Last updated 1 month ago | By Waweru Titus
Chamique Holdsclaw, 42, played in the Women's National Basketball Association (WNBA) for 11 years — six of them with the Washington Mystics — and was a WNBA all-star six times.
The basketball arena is full of young men hailed as the “Next Michael Jordan.” Holdsclaw is a unique character and claims the distinction of being the first woman driven to the fringes by Jordanian expectations.
She was inducted into the Women’s Basketball Hall of Fame in 2018 after three national titles with the Tennessee Lady volunteers, named WNBA Rookie of the Year in 1999, WNBA scoring champion (2002), the rebounding champion (2002, 2003), an All-Star six times and being an Olympic gold medalist (2000).
Holdsclaw has battled double-teams, achy knees, depression and suicidal thoughts during her illustrious career. And she’s still going strong.
She is now a mental health advocate and the subject of a documentary film “Mind/Game: The Unquiet Journey of Chamique Holdsclaw.” It tells the story of a WNBA All-Star’s experience with mental illness. Chamique’s journey reflects the challenges faced by millions of people and families dealing with similar issues.
GameYetu had an opportunity to talk with the Jordan of women’s basketball via a Zoom meeting where she talked about her career, fight against depression and bipolar disorder.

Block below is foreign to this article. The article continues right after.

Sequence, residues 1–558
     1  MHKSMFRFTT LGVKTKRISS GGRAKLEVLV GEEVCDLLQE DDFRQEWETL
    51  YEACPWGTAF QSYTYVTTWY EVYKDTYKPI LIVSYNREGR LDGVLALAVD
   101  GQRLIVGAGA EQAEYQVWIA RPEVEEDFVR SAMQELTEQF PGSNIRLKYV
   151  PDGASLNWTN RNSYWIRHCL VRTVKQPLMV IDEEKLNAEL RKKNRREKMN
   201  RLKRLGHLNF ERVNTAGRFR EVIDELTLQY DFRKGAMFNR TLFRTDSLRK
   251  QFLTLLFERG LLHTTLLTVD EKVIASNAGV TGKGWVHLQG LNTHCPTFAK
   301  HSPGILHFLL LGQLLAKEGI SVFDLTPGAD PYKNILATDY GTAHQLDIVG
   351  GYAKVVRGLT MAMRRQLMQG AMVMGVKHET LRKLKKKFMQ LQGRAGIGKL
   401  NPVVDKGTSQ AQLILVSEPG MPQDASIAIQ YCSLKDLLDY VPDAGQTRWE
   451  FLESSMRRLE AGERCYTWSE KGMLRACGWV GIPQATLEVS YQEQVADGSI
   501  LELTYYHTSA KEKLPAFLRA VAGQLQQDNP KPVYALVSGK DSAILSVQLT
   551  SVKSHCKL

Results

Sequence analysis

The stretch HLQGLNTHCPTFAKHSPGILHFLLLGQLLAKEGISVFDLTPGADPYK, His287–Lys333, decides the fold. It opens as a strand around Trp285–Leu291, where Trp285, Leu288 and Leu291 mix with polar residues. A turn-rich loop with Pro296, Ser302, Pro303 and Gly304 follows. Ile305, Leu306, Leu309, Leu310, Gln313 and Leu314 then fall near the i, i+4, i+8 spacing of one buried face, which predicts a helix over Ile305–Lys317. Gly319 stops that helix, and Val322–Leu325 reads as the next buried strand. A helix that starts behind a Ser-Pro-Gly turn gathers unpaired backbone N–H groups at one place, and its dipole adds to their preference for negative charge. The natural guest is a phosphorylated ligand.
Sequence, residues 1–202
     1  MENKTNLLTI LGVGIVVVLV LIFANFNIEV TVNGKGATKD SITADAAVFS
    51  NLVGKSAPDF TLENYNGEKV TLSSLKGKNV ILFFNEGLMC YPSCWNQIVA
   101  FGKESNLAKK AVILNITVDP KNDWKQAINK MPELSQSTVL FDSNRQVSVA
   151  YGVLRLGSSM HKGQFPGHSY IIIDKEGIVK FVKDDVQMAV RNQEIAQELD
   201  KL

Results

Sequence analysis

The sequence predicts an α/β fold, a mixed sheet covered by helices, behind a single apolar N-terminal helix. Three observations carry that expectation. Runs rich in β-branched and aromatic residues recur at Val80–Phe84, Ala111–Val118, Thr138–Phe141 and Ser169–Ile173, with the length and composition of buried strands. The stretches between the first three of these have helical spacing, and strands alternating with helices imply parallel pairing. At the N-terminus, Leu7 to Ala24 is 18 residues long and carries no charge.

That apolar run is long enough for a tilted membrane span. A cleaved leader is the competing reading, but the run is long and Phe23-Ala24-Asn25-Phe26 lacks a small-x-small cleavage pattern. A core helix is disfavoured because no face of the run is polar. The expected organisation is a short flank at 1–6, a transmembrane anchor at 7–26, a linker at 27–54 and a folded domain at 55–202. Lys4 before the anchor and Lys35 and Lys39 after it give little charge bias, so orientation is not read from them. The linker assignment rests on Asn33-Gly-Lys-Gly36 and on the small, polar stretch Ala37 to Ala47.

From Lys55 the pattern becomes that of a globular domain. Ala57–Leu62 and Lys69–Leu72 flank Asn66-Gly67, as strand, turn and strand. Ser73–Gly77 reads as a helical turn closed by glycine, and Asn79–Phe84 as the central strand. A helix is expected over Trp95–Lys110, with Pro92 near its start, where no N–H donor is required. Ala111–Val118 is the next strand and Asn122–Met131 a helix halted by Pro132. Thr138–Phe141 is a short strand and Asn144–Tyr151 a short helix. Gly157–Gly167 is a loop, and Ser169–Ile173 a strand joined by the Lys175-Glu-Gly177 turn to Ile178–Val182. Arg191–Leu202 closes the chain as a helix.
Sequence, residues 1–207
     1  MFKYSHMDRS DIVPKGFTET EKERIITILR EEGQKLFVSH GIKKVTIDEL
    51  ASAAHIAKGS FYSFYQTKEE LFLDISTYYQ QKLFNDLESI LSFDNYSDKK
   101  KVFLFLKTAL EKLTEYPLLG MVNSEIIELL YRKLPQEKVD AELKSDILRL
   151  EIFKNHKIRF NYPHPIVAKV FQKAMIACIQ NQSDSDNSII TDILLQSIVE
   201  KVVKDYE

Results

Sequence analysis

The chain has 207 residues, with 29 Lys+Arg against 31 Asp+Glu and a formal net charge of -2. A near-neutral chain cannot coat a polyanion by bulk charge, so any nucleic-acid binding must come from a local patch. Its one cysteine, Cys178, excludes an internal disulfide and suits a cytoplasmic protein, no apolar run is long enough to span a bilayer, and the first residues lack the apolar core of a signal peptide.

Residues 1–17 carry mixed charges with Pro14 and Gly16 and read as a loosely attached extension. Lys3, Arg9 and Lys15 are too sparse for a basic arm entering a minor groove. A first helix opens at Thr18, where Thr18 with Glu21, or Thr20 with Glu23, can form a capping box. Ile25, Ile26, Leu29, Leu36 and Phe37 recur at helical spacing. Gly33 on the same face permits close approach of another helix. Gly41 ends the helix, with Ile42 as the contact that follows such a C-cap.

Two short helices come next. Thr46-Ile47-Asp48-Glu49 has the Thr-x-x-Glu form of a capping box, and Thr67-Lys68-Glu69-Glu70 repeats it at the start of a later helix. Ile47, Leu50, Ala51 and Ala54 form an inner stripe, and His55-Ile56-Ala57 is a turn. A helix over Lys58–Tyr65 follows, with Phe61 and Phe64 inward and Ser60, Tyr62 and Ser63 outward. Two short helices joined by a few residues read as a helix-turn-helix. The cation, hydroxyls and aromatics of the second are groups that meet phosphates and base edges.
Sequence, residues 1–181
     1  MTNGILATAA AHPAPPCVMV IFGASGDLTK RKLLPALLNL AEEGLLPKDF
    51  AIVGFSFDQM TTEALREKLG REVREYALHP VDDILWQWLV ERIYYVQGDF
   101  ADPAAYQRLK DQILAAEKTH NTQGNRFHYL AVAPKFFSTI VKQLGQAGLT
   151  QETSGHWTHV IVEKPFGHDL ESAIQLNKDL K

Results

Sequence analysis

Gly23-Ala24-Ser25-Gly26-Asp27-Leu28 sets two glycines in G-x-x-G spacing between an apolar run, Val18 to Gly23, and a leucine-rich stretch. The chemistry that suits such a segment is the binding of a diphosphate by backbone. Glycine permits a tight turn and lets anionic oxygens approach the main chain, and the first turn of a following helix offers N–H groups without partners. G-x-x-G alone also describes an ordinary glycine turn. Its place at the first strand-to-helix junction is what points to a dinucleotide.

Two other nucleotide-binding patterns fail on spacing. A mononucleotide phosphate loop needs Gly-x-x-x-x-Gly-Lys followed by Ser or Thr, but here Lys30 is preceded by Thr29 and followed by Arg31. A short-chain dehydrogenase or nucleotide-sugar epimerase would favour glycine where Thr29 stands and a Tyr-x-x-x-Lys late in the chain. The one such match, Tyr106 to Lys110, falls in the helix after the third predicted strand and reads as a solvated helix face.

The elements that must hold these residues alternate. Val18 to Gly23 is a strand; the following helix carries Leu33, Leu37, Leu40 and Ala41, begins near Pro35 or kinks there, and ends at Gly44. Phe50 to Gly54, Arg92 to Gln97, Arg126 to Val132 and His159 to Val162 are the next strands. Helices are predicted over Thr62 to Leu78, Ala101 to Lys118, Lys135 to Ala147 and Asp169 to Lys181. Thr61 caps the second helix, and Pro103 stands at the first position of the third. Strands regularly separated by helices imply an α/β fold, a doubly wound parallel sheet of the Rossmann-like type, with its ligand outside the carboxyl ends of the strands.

This is her story…
Why did you choose basketball and how did it all start?
I grew up with a very strict grandmother and I had to do things under discipline and structure. The basketball court used to be right next to our house and I would love playing there. At that time I was the only girl among boys and it was tough because fellow girls didn’t understand why I always wanted to be with the boys. I was teased and bullied but I loved it. I later realised I was better than the boys and that was enough motivation.
What were your dreams growing up?
I grew up dreaming that I would be the first woman to play in the NBA because there were no opportunities at that time for women in the US. When WNBA came for me I was in college and there was a lot of hype because of the basketball megastars at that time.
Why did you choose jersey number 23 and is it because of the great Michael Jordan?